What do you do down there when it rains like that?
Good question. One fun activity is going to the dump. Here’s how that goes: You take the ATV down to the barn where Bob the Truck lives. For months, maybe years, we’ve been conducting what could be called an archaeological dig on the property, starting with the demolition of the original house, and storing our finds. Easy to toss most of the stuff into the pickup bed for disposition when the rainy day comes.
Many of the shards we collected were on the surface, albeit under tangles of ivy, vinca major, blackberry canes, mullein, thistle, am I forgetting anything? Kid toys, broken bowls, an autographed baseball, and many, many broken bottles strewn about. Broken glass has been a speciality of mine, and I’ve filled several wash buckets with beer bottle fragments, window glass, etc., along with a nice side collection of beer cans. Probably pre-dated the 5c return law, but too filled with mud and yuck to be worth the recycling attempt.
Old tires! Don’t know if the collection out on the back 40 are courtesy of a previous owner, or an opportunistic neighbor. We were reluctant to drive out to the far corner where there are maybe a dozen, fifteen, rounds mouldering away, but today we did have one lovely specimen still wrapped around its wheel to deliver.
The focus of this day was the excavation of a bike that lay buried beside a tree of undetermined specie — maybe a hawthorne. Larry thought he could chain up the derelict and haul it of the mud or clay with the power of the tractor. It would be my job to drive while Larry managed the chains. (Real women don’t mind getting soaked while steering a tractor.) After several failed attempts, we had to go to Plan B and scoop the thing out with the bucket. At this point, Larry took over command of the Deere. See photo.
This artifact joined another dismembered bike in the truck, and along with the side piece from some unknown farm equipment and all the debris we’d collected, was on the way to Powell Butte, the city land fill.
You drive your vehicle onto a ramp and are weighed. Your load is examined, and when a tire is discovered, you will learn that there is a tariff of $8.00 to dispose of it. And furthermore, you will be required to separate the tire from the rim in order that the metal can be disposed of in the metal bin. You think about those other tires in the back forty and realize that it will cost a hundred fifty bucks or so to get rid of them. Ah. This is why someone else chose to use our land as a dump. No cost to them.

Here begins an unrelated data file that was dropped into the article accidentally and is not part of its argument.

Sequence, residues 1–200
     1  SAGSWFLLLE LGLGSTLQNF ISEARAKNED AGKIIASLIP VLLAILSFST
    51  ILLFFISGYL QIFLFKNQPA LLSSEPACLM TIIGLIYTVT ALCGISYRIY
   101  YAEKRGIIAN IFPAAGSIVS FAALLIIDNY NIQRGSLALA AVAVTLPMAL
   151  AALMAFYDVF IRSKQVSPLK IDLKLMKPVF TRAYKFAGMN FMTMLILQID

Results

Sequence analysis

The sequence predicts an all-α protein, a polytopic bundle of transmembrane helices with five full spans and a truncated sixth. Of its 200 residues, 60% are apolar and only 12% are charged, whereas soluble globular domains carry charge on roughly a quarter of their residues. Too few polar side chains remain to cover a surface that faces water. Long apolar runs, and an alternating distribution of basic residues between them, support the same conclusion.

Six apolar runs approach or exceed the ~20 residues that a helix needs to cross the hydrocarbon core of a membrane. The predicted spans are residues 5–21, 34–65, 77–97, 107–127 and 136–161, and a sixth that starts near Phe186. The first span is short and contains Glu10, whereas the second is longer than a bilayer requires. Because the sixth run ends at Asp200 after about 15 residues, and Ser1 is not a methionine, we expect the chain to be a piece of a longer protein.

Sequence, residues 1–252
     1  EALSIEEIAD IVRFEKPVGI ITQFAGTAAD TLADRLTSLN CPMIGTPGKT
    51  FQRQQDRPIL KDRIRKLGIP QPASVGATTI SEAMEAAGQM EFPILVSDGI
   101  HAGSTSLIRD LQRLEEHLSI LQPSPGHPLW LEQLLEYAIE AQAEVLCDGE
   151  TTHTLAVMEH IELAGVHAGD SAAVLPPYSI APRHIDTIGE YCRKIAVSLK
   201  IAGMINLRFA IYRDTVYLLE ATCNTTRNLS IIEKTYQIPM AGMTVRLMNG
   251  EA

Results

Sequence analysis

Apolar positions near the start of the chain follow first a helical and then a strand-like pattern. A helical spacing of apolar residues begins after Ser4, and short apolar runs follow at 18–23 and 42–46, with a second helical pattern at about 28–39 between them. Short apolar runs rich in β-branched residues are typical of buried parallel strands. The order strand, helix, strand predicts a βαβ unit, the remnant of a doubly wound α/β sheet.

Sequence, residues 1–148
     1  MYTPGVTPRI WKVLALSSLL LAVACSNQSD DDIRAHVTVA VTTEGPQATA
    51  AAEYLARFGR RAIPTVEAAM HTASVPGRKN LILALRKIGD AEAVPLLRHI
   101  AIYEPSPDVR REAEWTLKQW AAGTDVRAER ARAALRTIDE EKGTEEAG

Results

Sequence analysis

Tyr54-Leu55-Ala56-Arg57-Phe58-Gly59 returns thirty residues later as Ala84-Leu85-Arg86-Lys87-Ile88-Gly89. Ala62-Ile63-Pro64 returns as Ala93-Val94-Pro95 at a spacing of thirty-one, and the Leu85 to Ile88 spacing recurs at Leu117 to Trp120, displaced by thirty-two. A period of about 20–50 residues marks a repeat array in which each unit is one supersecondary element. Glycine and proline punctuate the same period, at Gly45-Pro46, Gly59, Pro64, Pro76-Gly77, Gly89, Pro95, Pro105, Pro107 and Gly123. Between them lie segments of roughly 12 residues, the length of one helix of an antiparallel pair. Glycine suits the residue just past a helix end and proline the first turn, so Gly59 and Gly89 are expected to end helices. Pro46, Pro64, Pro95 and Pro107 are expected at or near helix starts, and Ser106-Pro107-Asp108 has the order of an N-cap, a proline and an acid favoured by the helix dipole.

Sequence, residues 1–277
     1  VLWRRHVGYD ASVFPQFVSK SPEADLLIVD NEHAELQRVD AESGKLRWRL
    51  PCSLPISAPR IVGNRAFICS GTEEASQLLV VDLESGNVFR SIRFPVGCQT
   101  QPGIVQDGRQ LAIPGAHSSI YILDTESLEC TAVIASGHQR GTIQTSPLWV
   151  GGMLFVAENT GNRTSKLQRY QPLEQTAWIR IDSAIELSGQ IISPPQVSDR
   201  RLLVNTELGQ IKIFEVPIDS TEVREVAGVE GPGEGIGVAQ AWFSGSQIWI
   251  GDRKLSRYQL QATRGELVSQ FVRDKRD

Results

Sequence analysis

Once again, site won’t let me upload photos! Damn! Try again later? I wanted to show you the fairy ring that bloomed under one of our trees. A perfect circle of white mushrooms (edible? wish I knew) caused, myth would have it, by shooting stars, lightning strikes, or, my favorite, wandering witches. Not supposed to enter the ring lest you be transported to the other world, from which there is no escape.
But back to the rainy day: this past week, a gang of Peter and Allison’s friends, parents of U O students all, came for a farm visit. (Why do so many Pasadena kids choose to attend U O? Why not OSU?) This day, it wasn’t raining! Blue sky! Gorgeous. Reinforcing the idea that it really doesn’t rain in Oregon, another myth to dissuade the hordes of Californians who would immigrate if they knew the sunny truth about our climate. In any case, the men all had ATV tours of the property, the women laughed and told stories, Amy, a little refuge from dorm life, took a long hot shower. It was nice to see the house come alive in this way. Lots of photos, so I won’t be visiting FaceBook any time soon to see what I really look like.
Conservation note: Two weeks ago, a woman from NRCS visited the property to survey the creeks to establish sites for “water breaks.” We had a long conversation with Ryan to help determine his views on the best water disposition for the cattle he’ll graze here. It has been decided to hold off on planting our precious heritage seeds until spring, and plant a cover crop of feed oats instead, which Ryan will graze before discing the land again, before planting the wild flower seeds. A little disappointing, though a field of green will look beautiful even if the butterflies have to wait another season.
Lunch with our accountant to discuss the creation of a separate entity for the farm. He’s opposed. Why? Thinks we can just fold conservation expenses into our family taxing. Okay, over my head, but I didn’t hear his response to my assertion that we aren’t grazing cattle as a money producing scheme. They are a conservation tool: we either graze our land, mow it, or burn it. Of the options, grazing seems the most eco sensible. He, the accountant simply responded that I’d make a terrible tax attorney. What does that mean?
I want to get this posted, though I’m bummed that I can’t add photos at this time. I’ll try to edit the post later and see if my new iPhone 7, my Seagate photo storage device, and my computer can play nicely together. Ha. Talk about a fairy circle and witches!